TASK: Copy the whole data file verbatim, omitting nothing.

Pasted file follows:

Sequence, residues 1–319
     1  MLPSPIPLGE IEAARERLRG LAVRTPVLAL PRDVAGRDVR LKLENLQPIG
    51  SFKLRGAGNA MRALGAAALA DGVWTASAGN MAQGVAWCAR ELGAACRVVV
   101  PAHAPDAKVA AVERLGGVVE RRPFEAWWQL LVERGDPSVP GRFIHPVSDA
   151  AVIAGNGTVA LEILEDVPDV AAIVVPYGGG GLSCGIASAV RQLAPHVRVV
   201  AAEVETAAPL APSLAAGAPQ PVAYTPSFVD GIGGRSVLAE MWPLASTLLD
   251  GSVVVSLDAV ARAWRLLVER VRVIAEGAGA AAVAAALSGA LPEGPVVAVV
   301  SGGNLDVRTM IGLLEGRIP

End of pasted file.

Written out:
Sequence, residues 1–319
     1  MLPSPIPLGE IEAARERLRG LAVRTPVLAL PRDVAGRDVR LKLENLQPIG
    51  SFKLRGAGNA MRALGAAALA DGVWTASAGN MAQGVAWCAR ELGAACRVVV
   101  PAHAPDAKVA AVERLGGVVE RRPFEAWWQL LVERGDPSVP GRFIHPVSDA
   151  AVIAGNGTVA LEILEDVPDV AAIVVPYGGG GLSCGIASAV RQLAPHVRVV
   201  AAEVETAAPL APSLAAGAPQ PVAYTPSFVD GIGGRSVLAE MWPLASTLLD
   251  GSVVVSLDAV ARAWRLLVER VRVIAEGAGA AAVAAALSGA LPEGPVVAVV
   301  SGGNLDVRTM IGLLEGRIP